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Saturday, May 28, 2005
Updated: May 31, 6:26 PM ET
Plenty pitching in for Brewers

By Peter Gammons
Special to

May 28

When Ben Sheets returned to the Brewers rotation Memorial Day weekend, he joined a pitching staff that in the National League ranked:

• First in WHIP (1.26);

• First in lowest batting average against (.235);

• Second to the Mets in lowest OPS against (.709, lower than Wes Obermueller's .756 the last two years as a batter);

• Third in overall ERA behind Atlanta and Florida;

• First in bullpen ERA (2.81);

• and first in bullpen WHIP (1.23), batting average against (.215) and OPS (.657).

Just as we all predicted, in the name of Victor Santos. We thought, sure, we'd be scanning the WHIP list on May 28 and see Matt Wise (0.75), Derrick Turnbow (0.94), Julio Santana (0.69) and Chris Capuano (1.19) near the top. And the Brewers are in second place, in front of the Misfortune 500 Cubs.

Ben Sheets' return could make the Brewers' surprising pitching success even better.

Yeah, yeah, yeah, it's Memorial Day weekend and the Brewers next head out to play 16 of 22 games on the road, and they had this kind of run early last season. They have been the opposite of the Cubs, fortunate to have had to make only one roster move before Sheets' return all season; the Nationals made nine by themselves Thursday.

But if Sheets -- who may be a ways from being completely healthy -- pitches as he did last season the last 3½ months, the long-suffering Milwaukee fans might have something to cling to, if not their first winning season since the senior George Bush was president. "There are aspects that certainly surprise us," says Brewers general manager Doug Melvin. "Coming out of spring training we thought the bullpen was going to be a problem. Now we have the best bullpen ERA in the league. Sometimes things fall right."

Melvin does credit Ned Yost's handling of the bullpen as well as the work of pitching coach Mike Maddux and bullpen coach William Castro for nurturing the bullpen. "We always seem to get good results out of our relievers," says Melvin, "which says a lot for the way Castro does his job."

The competitive and astute Capuano, one of the many parts of the Richie Sexson deal, has taken himself from being considered a back-end starter to someone Melvin says "is clearly established as at least a number three." Remember, Sheets and Doug Davis last year had more combined quality starts than any duo on any team, and both Santos and the sinkerballing Obermueller have done their jobs.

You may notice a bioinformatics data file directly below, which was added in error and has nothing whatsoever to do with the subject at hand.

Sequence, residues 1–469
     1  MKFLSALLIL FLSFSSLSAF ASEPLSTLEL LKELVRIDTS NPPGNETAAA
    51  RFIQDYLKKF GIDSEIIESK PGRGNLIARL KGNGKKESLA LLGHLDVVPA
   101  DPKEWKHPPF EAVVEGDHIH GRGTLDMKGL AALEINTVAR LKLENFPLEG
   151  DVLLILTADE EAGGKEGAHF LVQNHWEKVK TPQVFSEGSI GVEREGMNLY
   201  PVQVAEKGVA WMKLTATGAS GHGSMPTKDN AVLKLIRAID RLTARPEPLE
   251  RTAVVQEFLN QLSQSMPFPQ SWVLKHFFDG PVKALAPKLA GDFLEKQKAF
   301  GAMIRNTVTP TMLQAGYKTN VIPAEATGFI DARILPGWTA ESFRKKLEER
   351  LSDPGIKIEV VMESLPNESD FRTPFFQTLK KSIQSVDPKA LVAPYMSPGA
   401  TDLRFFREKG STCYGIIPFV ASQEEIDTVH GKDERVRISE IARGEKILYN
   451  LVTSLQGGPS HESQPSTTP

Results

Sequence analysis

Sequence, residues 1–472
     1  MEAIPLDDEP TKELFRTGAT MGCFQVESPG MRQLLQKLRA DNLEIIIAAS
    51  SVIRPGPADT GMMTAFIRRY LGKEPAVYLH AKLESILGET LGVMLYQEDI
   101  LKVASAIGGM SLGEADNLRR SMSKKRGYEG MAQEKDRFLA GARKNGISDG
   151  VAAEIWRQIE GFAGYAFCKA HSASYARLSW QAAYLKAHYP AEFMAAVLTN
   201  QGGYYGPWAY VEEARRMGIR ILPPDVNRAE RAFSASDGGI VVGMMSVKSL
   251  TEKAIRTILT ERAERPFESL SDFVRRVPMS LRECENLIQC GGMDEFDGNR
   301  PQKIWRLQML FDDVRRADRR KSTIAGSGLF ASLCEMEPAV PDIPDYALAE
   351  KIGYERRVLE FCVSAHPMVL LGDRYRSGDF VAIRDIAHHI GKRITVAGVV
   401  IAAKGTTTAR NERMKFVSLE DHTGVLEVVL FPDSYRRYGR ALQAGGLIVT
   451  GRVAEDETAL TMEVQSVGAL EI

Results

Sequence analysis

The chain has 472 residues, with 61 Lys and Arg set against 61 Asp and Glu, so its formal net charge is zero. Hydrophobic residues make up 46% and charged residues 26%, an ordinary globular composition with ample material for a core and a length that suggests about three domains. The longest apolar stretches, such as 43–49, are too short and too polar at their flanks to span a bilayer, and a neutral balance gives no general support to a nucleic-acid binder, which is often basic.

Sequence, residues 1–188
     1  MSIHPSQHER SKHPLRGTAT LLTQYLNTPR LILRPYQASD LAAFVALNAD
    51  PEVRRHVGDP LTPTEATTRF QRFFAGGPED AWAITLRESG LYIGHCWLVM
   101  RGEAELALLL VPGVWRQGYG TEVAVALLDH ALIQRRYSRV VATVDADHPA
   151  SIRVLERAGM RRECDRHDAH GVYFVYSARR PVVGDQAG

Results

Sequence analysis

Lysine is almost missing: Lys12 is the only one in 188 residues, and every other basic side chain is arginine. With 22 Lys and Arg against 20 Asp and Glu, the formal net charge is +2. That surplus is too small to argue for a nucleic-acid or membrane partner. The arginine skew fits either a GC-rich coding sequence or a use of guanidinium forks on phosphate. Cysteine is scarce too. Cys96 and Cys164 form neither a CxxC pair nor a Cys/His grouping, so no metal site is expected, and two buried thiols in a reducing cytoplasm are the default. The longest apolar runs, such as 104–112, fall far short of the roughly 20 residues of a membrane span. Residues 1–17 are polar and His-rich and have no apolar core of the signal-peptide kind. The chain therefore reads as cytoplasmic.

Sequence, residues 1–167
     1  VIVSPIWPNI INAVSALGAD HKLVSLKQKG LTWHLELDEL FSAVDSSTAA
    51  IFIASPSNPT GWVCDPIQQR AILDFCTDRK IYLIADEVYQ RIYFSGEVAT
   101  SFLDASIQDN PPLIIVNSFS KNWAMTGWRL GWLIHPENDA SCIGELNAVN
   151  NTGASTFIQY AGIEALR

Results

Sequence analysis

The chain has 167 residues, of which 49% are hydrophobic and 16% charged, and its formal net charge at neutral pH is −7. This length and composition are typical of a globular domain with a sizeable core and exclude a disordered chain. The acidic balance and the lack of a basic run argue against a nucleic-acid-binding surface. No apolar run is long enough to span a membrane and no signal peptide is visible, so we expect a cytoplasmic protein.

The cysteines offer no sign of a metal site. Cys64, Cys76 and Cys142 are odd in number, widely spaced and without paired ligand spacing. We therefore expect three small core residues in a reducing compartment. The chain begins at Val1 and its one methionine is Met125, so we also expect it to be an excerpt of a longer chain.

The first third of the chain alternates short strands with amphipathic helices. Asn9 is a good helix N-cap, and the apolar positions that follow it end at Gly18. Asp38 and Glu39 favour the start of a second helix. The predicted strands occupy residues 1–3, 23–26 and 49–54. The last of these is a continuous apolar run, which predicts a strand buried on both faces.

What makes this team so compelling is that as it rises from the ashes of a woeful era, with new ownership infusing optimism in the community, the Brewers are sniffing respectability while awaiting the arrival of second baseman Rickie Weeks, first baseman Prince Fielder, and outfielders David Krynzel and Anthony Gwynn. Which allows Melvin to try to add another bat for this season as well as think about trading a couple of veteran players to get more young talent into the pool for 2006-2007. "Weeks (.318, 1.076 OPS at Nashville) is very close," says Melvin, which might make Junior Spivey available.

However, the feeling within the organization is that Fielder (.248) may need another year of Triple-A, which blocks any attempt Boston, Houston or anyone else might have of getting Lyle Overbay. "I don't believe in most cases you can get as much for a positional player during the season as you can in the offseason," says Melvin. "That's why we did the Sexson deal the way we did. Now, with pitching, especially frontline pitching, it's different. Sometimes there are so many contending clubs looking for pitching that they can make an advantageous deal."

Just as in late July if Barry Zito, Kip Wells, Kevin Millwood, Jason Jennings and Joel Pineiro are available.

Overbay, the ever-improving Brady Clark, Geoff Jenkins, Carlos Lee and Weeks give them a projectable lineup for the near future, then when Fielder, Krynzel, Gwynn, et al are ready, they will be better if the pitching develops.

The Brewers are in a division that with the Cubs and Astros beaten up-and-down, affords them an opportunity in the NL Central. "We're a ways away from being a real good team," says Melvin, "but we're trying to get better, slowly but surely."

Forget the WHIPS, etc. Think about where the Brewers were before Melvin and then Yost, Maddux and this staff arrived, and where they were on the day Sheets returned on Memorial Day weekend.

Much-needed relief for Giants

The Giants know that Jerome Williams can go to Chicago and be a solid starting pitcher, and now that David Aardsma has had the opportunity to start for two months in Double-A Norwich he might be back on track to the big leagues. But they also know that while they have hung around without Barry Bonds, Armando Benitez and, until this week, a healthy Jason Schmidt, they were not going to survive without helping a bullpen that Felipe Alou had to tax; they led the majors in mid-inning changes and one-batter appearances.